Privacy concerns with FINTRAC remain following two separate audits
A new audit by the Office of the Privacy Commissioner of Canada reveals that, despite commitments made by FINTRAC in the wake of a 2009 audit, the agency continues to accept and retain personal information not relevant to its mandate.
OTTAWA, October 24, 2013 — The Financial Transactions and Reports Analysis Centre of Canada (FINTRAC) has more personal information in its database than it needs, according to an audit conducted by the Office of the Privacy Commissioner of Canada (OPC).
The audit, which was tabled in Parliament today, followed up on recommendations from a previous audit conducted by the OPC in 2009. It found that FINTRAC needed to do more to ensure that the amount of personal information it acquires is kept to an absolute minimum.
“While FINTRAC continues to have sound security controls, it has made limited progress in addressing recommendations from our previous audit,” says Privacy Commissioner of Canada, Jennifer Stoddart. “This is particularly disappointing, given that FINTRAC had previously indicated that it was committed to finding new ways to limit the amount of personal information it was accepting and holding.”
FINTRAC is mandated by law to receive financial transaction reports and voluntary information on money laundering and terrorist financing from persons and entities in various sectors, which are subject to the Proceeds of Crime (Money Laundering) and Terrorist Financing Act (PCMLTFA). As of March 2012, FINTRAC’s databases held approximately 165 million reports containing personal information related to financial transactions, such as down payments for house and vehicle purchases, wire transfers received by international students residing in Canada, or funds sent by parents in Canada to children who are studying abroad. Some of these reports may be submitted to FINTRAC without the knowledge or consent of the individuals concerned.
Entities are required to report to FINTRAC large cash transactions or electronic funds transfers of $10,000 or more, as well as any transactions where there is “reasonable grounds to suspect” money laundering or terrorist financing activities. However, the OPC’s review of the FINTRAC database revealed a number of examples of reports that did not meet the $10,000 threshold, and reports that did not clearly demonstrate reasonable grounds for suspicion and, therefore, should not have been reported. For example:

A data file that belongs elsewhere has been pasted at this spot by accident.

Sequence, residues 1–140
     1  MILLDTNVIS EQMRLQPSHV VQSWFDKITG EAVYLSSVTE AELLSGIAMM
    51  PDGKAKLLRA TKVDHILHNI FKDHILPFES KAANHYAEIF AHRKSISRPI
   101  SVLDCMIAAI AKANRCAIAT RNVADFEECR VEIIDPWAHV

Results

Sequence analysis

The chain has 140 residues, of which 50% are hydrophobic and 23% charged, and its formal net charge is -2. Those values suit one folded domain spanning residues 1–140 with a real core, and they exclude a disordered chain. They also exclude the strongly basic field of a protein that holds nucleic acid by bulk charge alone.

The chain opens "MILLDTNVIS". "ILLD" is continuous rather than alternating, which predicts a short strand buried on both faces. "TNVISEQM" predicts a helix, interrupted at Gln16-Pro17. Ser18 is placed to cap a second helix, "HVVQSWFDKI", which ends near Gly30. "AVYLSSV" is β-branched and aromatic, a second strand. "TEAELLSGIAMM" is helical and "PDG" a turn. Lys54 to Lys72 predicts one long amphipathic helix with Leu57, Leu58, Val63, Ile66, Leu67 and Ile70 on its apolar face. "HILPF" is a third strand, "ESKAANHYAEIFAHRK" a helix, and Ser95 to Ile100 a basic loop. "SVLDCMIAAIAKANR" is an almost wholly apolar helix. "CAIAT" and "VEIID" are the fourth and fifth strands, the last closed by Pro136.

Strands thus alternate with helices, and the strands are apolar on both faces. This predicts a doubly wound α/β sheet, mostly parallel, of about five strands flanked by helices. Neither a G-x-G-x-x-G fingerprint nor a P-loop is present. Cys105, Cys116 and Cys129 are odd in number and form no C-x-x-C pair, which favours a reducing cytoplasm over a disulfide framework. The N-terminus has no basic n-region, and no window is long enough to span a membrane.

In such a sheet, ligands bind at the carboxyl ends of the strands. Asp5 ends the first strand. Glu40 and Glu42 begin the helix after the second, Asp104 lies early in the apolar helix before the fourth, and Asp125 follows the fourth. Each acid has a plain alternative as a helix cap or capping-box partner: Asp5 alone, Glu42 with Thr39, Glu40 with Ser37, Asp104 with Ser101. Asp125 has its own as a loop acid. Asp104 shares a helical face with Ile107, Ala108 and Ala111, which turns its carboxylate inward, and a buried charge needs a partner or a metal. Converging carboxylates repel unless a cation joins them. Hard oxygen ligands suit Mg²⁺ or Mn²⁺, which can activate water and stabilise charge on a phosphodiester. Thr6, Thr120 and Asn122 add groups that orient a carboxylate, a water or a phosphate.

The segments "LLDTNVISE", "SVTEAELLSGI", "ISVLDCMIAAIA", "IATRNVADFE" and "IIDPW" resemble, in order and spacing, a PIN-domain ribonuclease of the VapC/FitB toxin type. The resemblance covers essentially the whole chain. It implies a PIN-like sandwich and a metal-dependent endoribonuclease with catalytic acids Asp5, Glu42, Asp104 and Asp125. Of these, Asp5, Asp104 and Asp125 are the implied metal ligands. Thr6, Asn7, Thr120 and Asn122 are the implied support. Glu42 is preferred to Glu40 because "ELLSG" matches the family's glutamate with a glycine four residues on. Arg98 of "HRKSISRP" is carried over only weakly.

- A young professional cashed three bank drafts worth almost US$ 100,000 purchased from a major Canadian bank. The organization that cashed the drafts had confirmed the validity of the drafts with the issuing bank but still filed a report because it felt that the amount of money did not match the individual’s age.
- An individual, who purchased a home from his childhood friend, released the deposit directly to the seller instead of to the seller’s lawyer. The notary for the transaction opted to submit a report only because he was unsure as to whether the transaction needed to be reported.
- A financial institution filed a report when a storekeeper deposited $570 in $100, $50 $20 and $5 bills without indicating why the transaction was considered suspicious.
“Given the examples we found, I have serious concerns about the extent to which FINTRAC’s information holdings are populated with personal information that should never have even been submitted,” says Commissioner Stoddart.
The audit found that FINTRAC had made some progress since 2009 in addressing gaps that existed in its privacy management framework, for example it had implemented a privacy breach identification and reporting protocol and expanded security awareness initiatives.
The audit recommended that FINTRAC analyze and assess incoming reports; identify and dispose of information that it should not have received and is not directly related to its operating programs and activities; ensure that guidance issued by regulatory partners is consistent with PCMLTFA requirements; and ensure that staff fully comply with its security policies and procedures.
FINTRAC accepted all of the audit’s recommendations and provided responses as to how it intends to address them. Recently, FINTRAC has informed the OPC it has taken additional measures to enhance compliance with its security policies and procedures in response to a breach incident that occurred earlier this year.
“FINTRAC has proposed some measures to address the deficiencies we identified; however, there is more work to do,” notes Commissioner Jennifer Stoddart. “It still needs effective screening processes to ensure it no longer receives and retains sensitive personal information that it doesn’t need.”
The Office will be following up with FINTRAC in two years to evaluate their progress on strengthening their privacy practices.
About the Office of the Privacy Commissioner of Canada
The Privacy Commissioner of Canada is mandated by Parliament to act as an ombudsman and guardian of privacy in Canada. The Commissioner enforces two federal laws for the protection of personal information: the Privacy Act, which applies to the federal public sector; and the Personal Information Protection and Electronic Documents Act (PIPEDA), which applies to organizations engaged in commercial activities in the Atlantic provinces, Ontario, Manitoba, Saskatchewan and the Territories. Quebec, Alberta and British Columbia each has its own law covering the private sector. Even in these provinces, PIPEDA continues to apply to the federally regulated private sector and to personal information in interprovincial and international transactions.
To view the audit report:
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For more information, please contact:
Office of the Privacy Commissioner of Canada
NOTE: Journalists are asked to please send requests for interviews or further information via e-mail.
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